#Thanksabillion: How the London Marathon has bucked the trend and kept on growing
As the London Marathon announces it will pass the £1 billion mark of money donated to charities this year, Kenneth Foreman, Head of Charities at London Marathon Events Ltd, looks at the success of the iconic challenge and at the future of event fundraising.
On 25 January, we announced that the 2019 Virgin Money London Marathon would celebrate £1 billion raised for charity by the world’s greatest marathon.
This is an incredible number. £1,000,000,000. It’s hard to comprehend what a billion pounds looks like so try this: if you gave £1 every second to a different charity it would take you 30 years to donate a billion pounds.
I don’t think that the late Chris Brasher and John Disley, visionaries though they were, would ever have imagined this success when they were working to put on the first London Marathon back in 1981. Chris and John were passionate about the power of the marathon to provide the opportunity “to have fun and provide some happiness and sense of achievement in a troubled world” and they had the extraordinary foresight to create The London Marathon Charitable Trust so that the surplus from the London Marathon, and all future events organised by London Marathon Events Ltd, would support projects that inspired people to get active. But one billion pounds for charity by 2019? No, I don’t think so.
Every year, more than 75 per cent of the 40,000+ runners in the London Marathon fundraise, with many taking on the 26.2 mile challenge in a huge range of extraordinary costumes, from rhinos to tutus, Wombles to knights, telephone boxes to Big Bens – the variety is endless. And their fundraising has helped millions of people by raising money for our greatest medical challenges, climate change, animal welfare, care for the elderly, diversity, war veterans, children’s welfare, the arts, human rights, education – the list goes on.
During my time working for a charity before joining London Marathon Events, I looked at the event in awe, as many others did in the sector. It is simply unique in the way it manages to encapsulate everything that is great about the world into one single day in April and it’s the reason I was thrilled to join the team last July to work with our thousands of charity partners.
A national institution
The London Marathon is now a national institution, one of the capital’s great days out and the most popular marathon on the planet with more than 414,000 people applying in the ballot for the 2019 race.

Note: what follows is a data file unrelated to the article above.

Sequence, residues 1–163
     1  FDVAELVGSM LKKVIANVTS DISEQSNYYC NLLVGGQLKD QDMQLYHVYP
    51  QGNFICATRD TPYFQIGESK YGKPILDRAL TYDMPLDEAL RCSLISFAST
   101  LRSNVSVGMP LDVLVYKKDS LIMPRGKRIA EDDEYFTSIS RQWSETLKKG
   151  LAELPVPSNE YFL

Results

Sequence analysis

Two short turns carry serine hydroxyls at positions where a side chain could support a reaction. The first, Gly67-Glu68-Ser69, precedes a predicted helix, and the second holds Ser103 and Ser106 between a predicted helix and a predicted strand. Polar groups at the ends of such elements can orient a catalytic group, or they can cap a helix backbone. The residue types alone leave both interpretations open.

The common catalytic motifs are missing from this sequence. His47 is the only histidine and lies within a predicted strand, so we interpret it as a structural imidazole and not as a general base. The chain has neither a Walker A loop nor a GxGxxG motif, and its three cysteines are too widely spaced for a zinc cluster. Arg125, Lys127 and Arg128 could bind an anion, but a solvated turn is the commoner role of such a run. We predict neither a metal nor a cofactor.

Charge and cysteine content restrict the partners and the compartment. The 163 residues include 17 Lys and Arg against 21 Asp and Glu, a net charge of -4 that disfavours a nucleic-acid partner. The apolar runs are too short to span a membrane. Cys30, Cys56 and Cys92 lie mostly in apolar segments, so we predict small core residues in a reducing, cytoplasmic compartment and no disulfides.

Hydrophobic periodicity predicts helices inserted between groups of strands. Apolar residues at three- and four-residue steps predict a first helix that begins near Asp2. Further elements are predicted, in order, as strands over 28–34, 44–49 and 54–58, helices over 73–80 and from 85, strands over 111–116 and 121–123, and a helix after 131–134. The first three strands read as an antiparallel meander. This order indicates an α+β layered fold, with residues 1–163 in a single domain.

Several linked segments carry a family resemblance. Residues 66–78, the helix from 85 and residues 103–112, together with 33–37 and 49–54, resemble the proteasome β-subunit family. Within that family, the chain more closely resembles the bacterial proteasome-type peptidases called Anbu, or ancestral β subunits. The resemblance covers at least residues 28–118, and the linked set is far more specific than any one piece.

There has been talk recently that the market has reached a peak in mass participation events but the London Marathon bucks that trend with the number of applications continuing to set world records year on year.
I’ve never run the London Marathon but I’ve experienced it first hand on several occasions and have witnessed the impact it has on people for the rest of their lives. I recall speaking to many people who described it the best experience of their life and this is why I believe the future of mass participation events is positive. People want unique, positive experiences that they can share with others.
One of my most memorable experiences at an event was cheering on the final runner at The Royal Parks Half Marathon in 2017. All our charity runners had finished and one of our supporters suggested we should go and clap in the final few runners. To see the face of the woman who was the final finisher as we cheered her over those last hundred yards was a thoroughly rewarding experience and I can still see her smile as she crossed the line.
Yes, there are big challenges ahead in a crowded marketplace and we know that it’s not possible to immediately replicate the incredible London Marathon fundraising success with newer events such as Prudential RideLondon, The Vitality Big Half or Children with Cancer UK Swim Serpentine. It takes time, hard work and constant improvement to build an event that generates such enormous sums every year for charity but we are determined to continue to help charities maximise the fundraising from our range of events.
Event fundraising is a complex challenge: recruiting fundraisers, supporting them through their journey and then ensuring they have a positive experience isn’t easy and, as anyone who has worked in event fundraising will know, it can be long hours but thoroughly rewarding. It takes hard work, passion, energy and determination to drive effective event fundraising and these are all attributes I see every day in my role working with our charity partners.
Fundraising in mass participation events is here to stay and the causes helped by those fundraisers are a vital lifeline for millions. With the obesity epidemic in this country, there is an increasingly urgent need for people to be active, change lifestyle habits and set physical goals. Fundraising can play an increasing part in this if we continue to broaden the appeal of the event experience from regular runners/cyclists/swimmers to include the widest possible range people of all ages, backgrounds and demographics.
I look forward to helping our charity partners and participants work together on the way to our second billion.
Kenneth Foreman, Head of Charities, London Marathon Events Ltd
- event fundraising